Viva  España! There are some great values if you go for Cava.  Some better than others, of course.  One sample of “value” Cava I didn’t care for but it made a great cocktail with grapefruit, pomegranate seeds, and bitters.  I did like the Segura Vidas Brut Rosé ($10)* and was pleasantly surprised by the Freixenet Brut($11)*.  Neither were overly complex but pleasant for sipping.  If you want to bump it up a notch, try the Segura Vidas Reserva Heredad.*  The bottle itself is beautiful.  Pop the cork and find lots of beautiful bubbles, floral notes, apple, citrus and yeast.  Elegant and nicely priced around $25.

20131229-153859.jpg

Oui, Oui, Mon Cheri!  Last month I told you about a Cremant that I have a big crush on.  Aimery Sieur d’Arques Cremant de Limoux Rosé.  If you want to splurge on something pink, I’d suggest my birthday bubbles, Chassenay d’Arce, Rosé Brut, Champagne.  It is 65% Pinot Noir, 35% Chardonnay and 100% delicious.  Maybe it was just the fact that I had it with my mom’s strawberry cake, but it was worth every bit of the $45(ish).

Molte Bene In the mood for Prosecco?  A guest favorite in my Moms-coping-with-winter-break Blind Tasting was the Voveti Prosecco.  On the nose, some honey and yeast, good green apple notes and a decent finish.  In general, Prosecco can be a little sweeter than Cava or Cremant.  This one was indeed a little sweeter, but nice with the salty snacks.

Brasil!  For my (cough,cough) 40th, a friend shared this yummy number with me.  Casa Valduga 130 Brut is made using méthode champenoise and was nutty, full-bodied, and tasty.  A unique wine that is sure to be a conversation starter.  How many wines have you had from Brazil?

Now I know when Mr. Earle wrote the song, he didn’t mean “baby” like I meant “baby,” but I’ve got to say, my baby does indeed sparkle and shine. I can’t really think of anything “sparkling” without thinking of that song.  So, while the lede may have you scratching your head still, I hope you still enjoy the song.  2013 has had its challenges, there have been highs and lows, but I have much to be grateful for.  I hope that you will be surrounded by those you love and that there is something delicious in your glass and fabulous in your future.  See you in 2014! Cheers!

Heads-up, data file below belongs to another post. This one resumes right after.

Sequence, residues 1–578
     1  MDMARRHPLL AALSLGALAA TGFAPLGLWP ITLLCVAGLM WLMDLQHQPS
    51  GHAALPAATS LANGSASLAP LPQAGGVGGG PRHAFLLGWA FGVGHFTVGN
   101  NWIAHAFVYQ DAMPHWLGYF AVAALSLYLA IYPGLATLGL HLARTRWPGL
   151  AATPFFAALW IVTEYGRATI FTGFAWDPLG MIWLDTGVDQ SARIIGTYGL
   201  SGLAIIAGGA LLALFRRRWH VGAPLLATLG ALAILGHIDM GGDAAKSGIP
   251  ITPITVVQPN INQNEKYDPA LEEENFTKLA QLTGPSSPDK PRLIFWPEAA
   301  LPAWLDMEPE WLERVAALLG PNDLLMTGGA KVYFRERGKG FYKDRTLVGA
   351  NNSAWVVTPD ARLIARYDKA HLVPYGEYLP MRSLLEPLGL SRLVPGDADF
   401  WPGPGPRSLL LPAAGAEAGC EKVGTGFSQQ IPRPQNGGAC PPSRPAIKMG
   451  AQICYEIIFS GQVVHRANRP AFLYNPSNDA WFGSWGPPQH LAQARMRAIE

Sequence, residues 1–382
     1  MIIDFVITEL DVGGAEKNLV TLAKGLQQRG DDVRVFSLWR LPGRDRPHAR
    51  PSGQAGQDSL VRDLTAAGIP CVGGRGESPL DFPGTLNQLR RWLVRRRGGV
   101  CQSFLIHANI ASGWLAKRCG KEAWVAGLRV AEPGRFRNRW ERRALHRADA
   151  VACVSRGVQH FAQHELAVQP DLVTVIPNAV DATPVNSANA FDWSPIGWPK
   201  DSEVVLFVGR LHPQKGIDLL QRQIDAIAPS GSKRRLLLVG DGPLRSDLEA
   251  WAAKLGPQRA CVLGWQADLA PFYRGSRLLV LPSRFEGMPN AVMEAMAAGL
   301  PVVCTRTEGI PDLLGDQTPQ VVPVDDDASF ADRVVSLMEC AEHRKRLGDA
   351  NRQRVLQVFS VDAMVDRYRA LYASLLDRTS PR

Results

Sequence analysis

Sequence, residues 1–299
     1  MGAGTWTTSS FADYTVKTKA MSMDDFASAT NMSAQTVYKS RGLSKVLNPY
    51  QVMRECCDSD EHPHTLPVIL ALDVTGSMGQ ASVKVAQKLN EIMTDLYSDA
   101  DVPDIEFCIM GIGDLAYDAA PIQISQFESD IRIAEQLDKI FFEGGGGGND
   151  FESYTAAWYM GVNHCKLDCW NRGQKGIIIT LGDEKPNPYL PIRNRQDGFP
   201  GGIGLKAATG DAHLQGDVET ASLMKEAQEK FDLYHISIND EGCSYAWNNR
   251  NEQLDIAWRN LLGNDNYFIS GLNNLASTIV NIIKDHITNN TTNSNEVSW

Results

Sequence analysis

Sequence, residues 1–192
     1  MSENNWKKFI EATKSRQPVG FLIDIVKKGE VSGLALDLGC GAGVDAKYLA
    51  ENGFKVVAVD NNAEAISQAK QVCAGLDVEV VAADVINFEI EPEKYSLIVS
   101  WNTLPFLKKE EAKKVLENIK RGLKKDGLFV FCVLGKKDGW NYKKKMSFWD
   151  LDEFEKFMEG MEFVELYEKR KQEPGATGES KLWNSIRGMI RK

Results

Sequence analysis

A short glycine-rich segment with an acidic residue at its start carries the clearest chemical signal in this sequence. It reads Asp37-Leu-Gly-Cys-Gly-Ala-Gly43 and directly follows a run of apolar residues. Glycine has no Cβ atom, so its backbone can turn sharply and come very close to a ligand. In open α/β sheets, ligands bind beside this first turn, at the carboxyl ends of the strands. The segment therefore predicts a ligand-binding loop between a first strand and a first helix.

*These wines were provided by Janet Kafka and Associates as media samples.  The opinions are my own.

Less is More-Clean Slate Riesling

There was a time when a meatless meal would be cause for a mini-revolt.  But I’ve gotten better at creating delicious, satisfying vegan meals and my husband’s gotten better about not complaining.  Less meat is just better for your health and the environment.  It’s a win-win.  Less is more.

There was a time when my day was so crazy and I was so overwhelmed that I wanted a glass of wine every night.  Now I get a break during school hours and am more in the groove of the SAHM thing.  So instead of having a Monday wine on Monday, Tuesday, Wednesday, I generally have one or two glasses of something tasty, once or twice a week.   Less is more.

I have had a few samples of wine that I have been meaning to try, but when you drink less, you drink less.  So yesterday I opened a bottle of Clean Slate Riesling that has been in my refrigerator for weeks.  I’m glad I did.  The wine hails from the Mosel region of Germany which is known for producing some great Riesling.  While choosing most German Rieslings can be intimidating because of their classifications, this one is straightforward.  A look at the label will give you a good hint about what you are getting.